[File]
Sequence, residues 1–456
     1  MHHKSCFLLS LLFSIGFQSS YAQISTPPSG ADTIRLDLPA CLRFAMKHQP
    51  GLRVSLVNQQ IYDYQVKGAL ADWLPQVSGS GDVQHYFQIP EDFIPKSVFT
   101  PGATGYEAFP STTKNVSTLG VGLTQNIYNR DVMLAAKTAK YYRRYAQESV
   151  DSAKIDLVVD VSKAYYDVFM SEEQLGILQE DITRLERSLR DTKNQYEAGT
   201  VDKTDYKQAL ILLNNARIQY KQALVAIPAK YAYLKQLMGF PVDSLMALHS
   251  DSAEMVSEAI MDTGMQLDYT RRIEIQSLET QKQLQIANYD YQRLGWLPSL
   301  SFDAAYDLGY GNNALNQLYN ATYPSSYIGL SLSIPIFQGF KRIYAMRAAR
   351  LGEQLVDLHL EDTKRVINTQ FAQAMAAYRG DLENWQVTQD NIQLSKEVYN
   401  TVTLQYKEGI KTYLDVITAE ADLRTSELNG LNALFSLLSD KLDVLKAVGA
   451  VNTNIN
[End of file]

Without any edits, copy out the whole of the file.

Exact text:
Sequence, residues 1–456
     1  MHHKSCFLLS LLFSIGFQSS YAQISTPPSG ADTIRLDLPA CLRFAMKHQP
    51  GLRVSLVNQQ IYDYQVKGAL ADWLPQVSGS GDVQHYFQIP EDFIPKSVFT
   101  PGATGYEAFP STTKNVSTLG VGLTQNIYNR DVMLAAKTAK YYRRYAQESV
   151  DSAKIDLVVD VSKAYYDVFM SEEQLGILQE DITRLERSLR DTKNQYEAGT
   201  VDKTDYKQAL ILLNNARIQY KQALVAIPAK YAYLKQLMGF PVDSLMALHS
   251  DSAEMVSEAI MDTGMQLDYT RRIEIQSLET QKQLQIANYD YQRLGWLPSL
   301  SFDAAYDLGY GNNALNQLYN ATYPSSYIGL SLSIPIFQGF KRIYAMRAAR
   351  LGEQLVDLHL EDTKRVINTQ FAQAMAAYRG DLENWQVTQD NIQLSKEVYN
   401  TVTLQYKEGI KTYLDVITAE ADLRTSELNG LNALFSLLSD KLDVLKAVGA
   451  VNTNIN